Vintage runic divination by stones made of Celtic language

Top 5 Oldest Languages in the World!

1. Egyptian – 2690 BC (circa. 4700 years old)

The first known language ever was a proto-language on the African continent, and the first known proto-writing system was created in Nigeria.

So, it is perhaps no surprise that the oldest language on this list is also from and used in Africa – Egyptian. The first known complete sentence in Ancient Egyptian was recorded in roughly 2690 BCE, making it over 4700 years old.

2. Sanskrit – 1500 BC (circa. 3500 years old)

With its oldest texts dating back to around 1500 BCE, Sanskrit is probably the second oldest language in the world still being used today.

Like Coptic, Sanskrit is largely used in religious texts and ceremonies that persist today, with a place in Buddhism, Hinduism, and Jainism.

3. Greek – 1450 BC (circa. 3500 years old)

Moving forward just a hair in time, Greek is probably the oldest language still spoken as a primary, day-to-day language. While Modern Greek has evolved significantly from the Greek spoken in ancient times, the language of Greece today

is a definitive descendant of the language of Homer and those who came before him way before him. The works of Homer are believed to have been composed between the seventh and eighth centuries BC.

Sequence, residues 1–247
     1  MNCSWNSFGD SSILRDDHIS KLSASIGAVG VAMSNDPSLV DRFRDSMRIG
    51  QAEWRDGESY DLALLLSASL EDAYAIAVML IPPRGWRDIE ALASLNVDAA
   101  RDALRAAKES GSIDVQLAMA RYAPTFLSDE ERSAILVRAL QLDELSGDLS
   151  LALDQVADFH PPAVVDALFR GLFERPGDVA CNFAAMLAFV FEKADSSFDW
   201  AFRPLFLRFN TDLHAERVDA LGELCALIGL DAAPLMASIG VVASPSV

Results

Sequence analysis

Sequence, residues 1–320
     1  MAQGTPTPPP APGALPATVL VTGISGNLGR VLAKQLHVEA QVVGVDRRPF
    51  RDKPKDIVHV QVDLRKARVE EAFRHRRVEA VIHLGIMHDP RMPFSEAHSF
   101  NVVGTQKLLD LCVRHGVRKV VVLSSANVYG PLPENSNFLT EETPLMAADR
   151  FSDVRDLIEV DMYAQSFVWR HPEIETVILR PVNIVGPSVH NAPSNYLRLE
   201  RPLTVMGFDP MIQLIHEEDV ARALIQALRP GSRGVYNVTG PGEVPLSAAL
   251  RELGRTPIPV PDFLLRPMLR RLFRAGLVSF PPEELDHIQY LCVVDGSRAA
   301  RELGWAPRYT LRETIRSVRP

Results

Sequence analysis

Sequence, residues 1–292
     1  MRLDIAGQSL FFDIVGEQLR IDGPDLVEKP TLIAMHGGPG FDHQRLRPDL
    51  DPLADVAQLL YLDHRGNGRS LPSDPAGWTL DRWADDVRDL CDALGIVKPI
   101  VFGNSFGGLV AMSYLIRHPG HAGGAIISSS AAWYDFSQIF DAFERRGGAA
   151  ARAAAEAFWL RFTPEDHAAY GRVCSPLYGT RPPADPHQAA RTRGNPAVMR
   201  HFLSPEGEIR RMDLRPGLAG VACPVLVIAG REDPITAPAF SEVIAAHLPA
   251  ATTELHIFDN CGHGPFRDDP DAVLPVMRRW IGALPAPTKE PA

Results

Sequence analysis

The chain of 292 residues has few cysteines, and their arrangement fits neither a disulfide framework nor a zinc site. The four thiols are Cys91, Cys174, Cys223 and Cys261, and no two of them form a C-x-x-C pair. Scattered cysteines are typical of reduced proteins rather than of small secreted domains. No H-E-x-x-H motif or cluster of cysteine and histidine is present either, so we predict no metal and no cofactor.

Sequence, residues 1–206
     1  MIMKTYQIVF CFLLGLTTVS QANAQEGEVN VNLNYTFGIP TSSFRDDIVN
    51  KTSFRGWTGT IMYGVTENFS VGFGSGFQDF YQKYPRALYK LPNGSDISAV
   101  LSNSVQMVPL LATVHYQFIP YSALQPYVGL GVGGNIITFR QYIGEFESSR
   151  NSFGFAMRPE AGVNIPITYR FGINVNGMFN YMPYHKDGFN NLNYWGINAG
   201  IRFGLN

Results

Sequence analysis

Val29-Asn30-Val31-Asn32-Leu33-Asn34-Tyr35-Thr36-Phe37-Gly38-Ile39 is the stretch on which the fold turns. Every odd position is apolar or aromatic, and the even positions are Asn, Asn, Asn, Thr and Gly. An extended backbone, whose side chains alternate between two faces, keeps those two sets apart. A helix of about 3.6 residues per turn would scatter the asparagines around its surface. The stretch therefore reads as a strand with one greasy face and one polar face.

4. Chinese – 1250 BC (circa. 3300 years old)

Another competitor for both oldest written language and oldest spoken language still in use today, Chinese is definitely both useful and backed by a long, rich history.

The first attested Old Chinese goes back to a set of inscriptions on oracle bones dated to roughly 1250 BCE.

5. Aramaic – 1100 BC (circa. 3100 years old)

In the quest for the oldest living language in the world, those not versed in the culture of Iran, Iraq, Lebanon, Syria, and Turkey might not expect Aramaic to appear on the list. However, Aramaic is quite ancient – the Aramaic alphabet was the precursor to both the Hebrew and Arabic alphabets.

But Aramaic, the language spoken by Arameans in ancient Syria and first attested in 1100 BC, has survived well into its 4th millennium. In fact, among these oldest languages in use today, it’s actually more lively of a living language than Sanskrit or Coptic.

There are somewhere between 800,000 and 1,000,000 speakers of Neo-Aramaic languages in the world today. Who knew?


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